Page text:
Danny walked in and found himself standing in the small passage that served as a kitchen. There was a small stove at one end with a narrow cupboard to the side of it, a sink with two taps, one of which was dripping, and a small shelf with nails sticking out to hang mugs. The flooring was some swirly green lino and the walls drab patterned wallpaper. He stepped forward and pushed the door open into the living room. There were two old dark green armchairs with wooden arms, a moth-eaten sofa, a telly in the corner balanced on a painted chest of drawers, a carpet of indecipherable colour and walls that seemed to be covered with orange patterns, which turned out to be just faded and aged watermarks on beige textured wallpaper. The recess held the window they had seen from the courtyard. It had a single frame with four small panes and was so dirty it hardly let any light in. Suzy and Charlotte had not made a great deal of effort to make the place their own. A few crappy Pop Star posters pinned to the sloping walls seemed to be the only gesture in that direction. Danny looked at the pictures of the Osmonds, Sweet and T Rex and made a mental note not to talk music with Suzie. But he liked the place. The sloping ceilings gave it a cosy feel. It was different. Danny stepped back and took two steps down the passage to push open the other door, the door to the bedroom. There was a built in wardrobe and double bed and the twin of the recess and window of the first room. It was an identical room with those same sloping ceilings.
All Suzie and Charlotte had done in the bedroom in way of decoration was to stick up a couple of art posters of Van Gogh’s sunflowers to try to brighten it up. They were at least preferable to the Pop Stars of the living room but did not exactly do a lot for the ambiance.
The place felt cold and dank with a rather unpleasant odour.
Suzie ushered him back into the living room and into a seat. She flicked on two bars of the electric fire in the hearth and then bustled off into the ‘kitchen’.
‘It’ll soon warm up,’ she called. ‘I’ll rustle up a cup of tea.’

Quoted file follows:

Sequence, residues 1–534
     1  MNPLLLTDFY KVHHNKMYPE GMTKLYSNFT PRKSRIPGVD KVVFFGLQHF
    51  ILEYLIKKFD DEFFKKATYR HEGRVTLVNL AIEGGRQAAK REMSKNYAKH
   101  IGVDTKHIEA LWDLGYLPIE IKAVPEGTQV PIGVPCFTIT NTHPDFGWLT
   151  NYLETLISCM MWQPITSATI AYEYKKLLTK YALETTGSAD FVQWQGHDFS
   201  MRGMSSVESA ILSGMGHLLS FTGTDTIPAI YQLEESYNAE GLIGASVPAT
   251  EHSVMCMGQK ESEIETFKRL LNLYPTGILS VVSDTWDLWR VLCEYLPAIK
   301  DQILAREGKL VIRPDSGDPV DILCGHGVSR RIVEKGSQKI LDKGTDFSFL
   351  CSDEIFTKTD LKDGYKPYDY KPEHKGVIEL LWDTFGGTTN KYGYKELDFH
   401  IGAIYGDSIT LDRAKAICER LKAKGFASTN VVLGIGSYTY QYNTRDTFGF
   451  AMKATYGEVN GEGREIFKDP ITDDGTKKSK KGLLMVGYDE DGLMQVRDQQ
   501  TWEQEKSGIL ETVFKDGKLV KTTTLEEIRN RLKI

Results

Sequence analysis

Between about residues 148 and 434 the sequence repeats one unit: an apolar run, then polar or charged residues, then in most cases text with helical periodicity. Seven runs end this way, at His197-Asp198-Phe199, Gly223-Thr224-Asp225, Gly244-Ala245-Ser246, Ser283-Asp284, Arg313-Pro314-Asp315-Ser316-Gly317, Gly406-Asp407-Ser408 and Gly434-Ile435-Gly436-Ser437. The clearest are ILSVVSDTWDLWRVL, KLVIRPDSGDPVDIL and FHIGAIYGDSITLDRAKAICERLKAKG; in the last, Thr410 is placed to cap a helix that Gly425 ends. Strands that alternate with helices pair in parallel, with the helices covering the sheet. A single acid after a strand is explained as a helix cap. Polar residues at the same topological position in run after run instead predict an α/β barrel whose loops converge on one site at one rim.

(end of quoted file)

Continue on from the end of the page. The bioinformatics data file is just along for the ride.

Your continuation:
She went out the front door to the hall where the small fridge sat on the landing. There wasn’t room for it inside. ‘You’ll have to have it black I’m afraid,’ she called. ‘You can have all the furniture and the telly. Most of it was here when we came anyway.’
Danny looked round at the furniture he had inherited.
Suzie babbled away from the kitchen as Danny sat and tried to take it in. Eventually he heard the sound of the kettle trilling and then the clink of stirring. He had a place to stay.
Suzie came in with a big beam and two mugs of black coffee.
‘No tea,’ Suzie informed him with a shrug and grimace. ‘I’ve done coffee with two sugars.’
‘Coffee’s fine,’ Danny responded with an attempt at a smile. He was finding it hard to think of Suzie and Charlotte living in this place. They were two very smart girls who really did not seem to fit in with the beat up shabbiness of the place. They were much more suited to a bright, smart modern flat – all metal, glass and clean white walls.
‘Peter Noone from Herman’s Hermits used to live here,’ Suzie enthused as if expecting him to be well impressed.
Somehow that did not add to the cache of the place in Danny’s eyes. But he found that it did not detract either. He’d put his hold-all in the corner and it seemed as if he had already moved in. As Suzie babbled on about the meter for the gas and keeping a store of shillings, about the neighbours, Mr Rose and something about the garden, Danny’s mind was already making plans. He sipped his sweet black coffee and tried to keep focussed on Suzie so that he nodded in the right places. But his mind was already flitting ahead.
Danny already felt at home.